This is our Seniors introductory page, chiefly intended for readers who are new to chess competition for the over-50s.
Prior to 2014 most senior tournaments were for players aged 60 or over but FIDE then replaced that age limit with two age categories: 50+ and 65+.
If you were born in the year 1973 then you have now become eligible for 50+ tournaments played this year, and if you were born in 1958 you are now eligible for this year's 65+ championships. For full details of qualifying dates, see further on.
FIDE organises four international championships for senior players annually - two World events (individual and team in various categories) and two European events which are under the auspices of the ECU. Many countries now also organise national championships for seniors.
All four FIDE competitions were held in 2022, for the first time in three years. In 2020, because of the Covid pandemic, the World Senior Team Championships had to be halted after seven rounds and the other three events were cancelled. In 2021 the World events could not be held but the European Chess Union succeeded in finding replacement organisers for its events after the original Polish venues became impossible.
We are still awaiting venues and dates for the 2023 World events (see our news page for updates when available), but we are in contact with the FIDE Events Commisison which is responsible for these tournaments.
Regulations for both the European Senior team and individual championships have now been published, and can be downloaded from our calendar page (PDF files in English).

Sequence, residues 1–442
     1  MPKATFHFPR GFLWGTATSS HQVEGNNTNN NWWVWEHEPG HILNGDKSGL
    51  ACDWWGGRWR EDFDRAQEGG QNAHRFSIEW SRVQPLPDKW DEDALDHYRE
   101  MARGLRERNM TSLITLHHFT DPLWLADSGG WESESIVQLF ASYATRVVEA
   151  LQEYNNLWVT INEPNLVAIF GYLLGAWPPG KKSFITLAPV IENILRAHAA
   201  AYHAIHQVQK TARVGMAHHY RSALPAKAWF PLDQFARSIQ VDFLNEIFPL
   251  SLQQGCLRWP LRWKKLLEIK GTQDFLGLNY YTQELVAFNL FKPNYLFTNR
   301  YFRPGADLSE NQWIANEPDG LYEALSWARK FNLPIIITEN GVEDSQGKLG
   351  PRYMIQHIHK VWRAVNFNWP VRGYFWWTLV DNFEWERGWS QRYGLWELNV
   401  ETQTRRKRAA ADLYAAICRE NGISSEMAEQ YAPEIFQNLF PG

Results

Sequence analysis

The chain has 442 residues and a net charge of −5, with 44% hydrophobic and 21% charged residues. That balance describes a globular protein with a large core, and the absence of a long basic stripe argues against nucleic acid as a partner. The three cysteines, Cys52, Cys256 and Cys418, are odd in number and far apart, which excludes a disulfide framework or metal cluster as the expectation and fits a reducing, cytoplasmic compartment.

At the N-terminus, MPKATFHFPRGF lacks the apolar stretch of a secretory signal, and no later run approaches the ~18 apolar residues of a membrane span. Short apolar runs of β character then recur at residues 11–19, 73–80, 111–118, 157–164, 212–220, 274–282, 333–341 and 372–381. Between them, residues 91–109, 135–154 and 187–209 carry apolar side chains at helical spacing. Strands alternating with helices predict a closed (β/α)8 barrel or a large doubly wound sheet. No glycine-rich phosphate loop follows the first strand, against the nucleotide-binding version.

If you are more interested in a good holiday than the competitive aspect and FIDE rating points, you might consider such events as the ACO tournaments (held on Greek islands). Or if you have friends or family members too young to play senior events, then you might prefer one of the senior events held alongside open tournaments, such as Bad Wörishofen (March) or Bregenz (May).
Russia's invasion of Ukraine at first cast doubt on whether the 2022 senior championships and other senior events would take place, but last year's World Senior Team Championships were succesfully completed in June, followed in July the European Individual Senior Championships in Lublin, Poland.
Then the European Senior Team Championships was a very enjoyable event held in Dresden, Germany followed by the individual Senior World championships, which were played at Assisi, Italy, later in November. For more details see our news pages and special reports.
All FIDE senior events (and most others) are organised in two age categories, based on your age at 31 December in the year concerned. Many national and independent organisers (at least outside Germany) follow the same eligibility rules.
For tournaments to be played during 2023 the qualifying dates for the two FIDE age groups are 31 December 1973 (for the 50+ Open and Women's tournaments) and 31 December 1958 for the 65+ championships.
In other words, if you reach your 50th birthday any time this year you are eligible for 50+ events run on FIDE age rules without waiting for your actual birthday. If your 65th birthday has already occurred or will be not later than 31 December 2023 then you can play 65+ tournaments (or indeed 50+ tournaments if you wish).
We are pleased to see that some tournaments now offer 75+ prizes for which the qualifying year is of course ten years earlier than for the 65+.
A few senior tournaments (especially in Austria and Germany) are still run on the 60+ age group rule (sometimes 45+ and 55+ for women) or have idiosyncratic age rules as the listings in our calendar shows.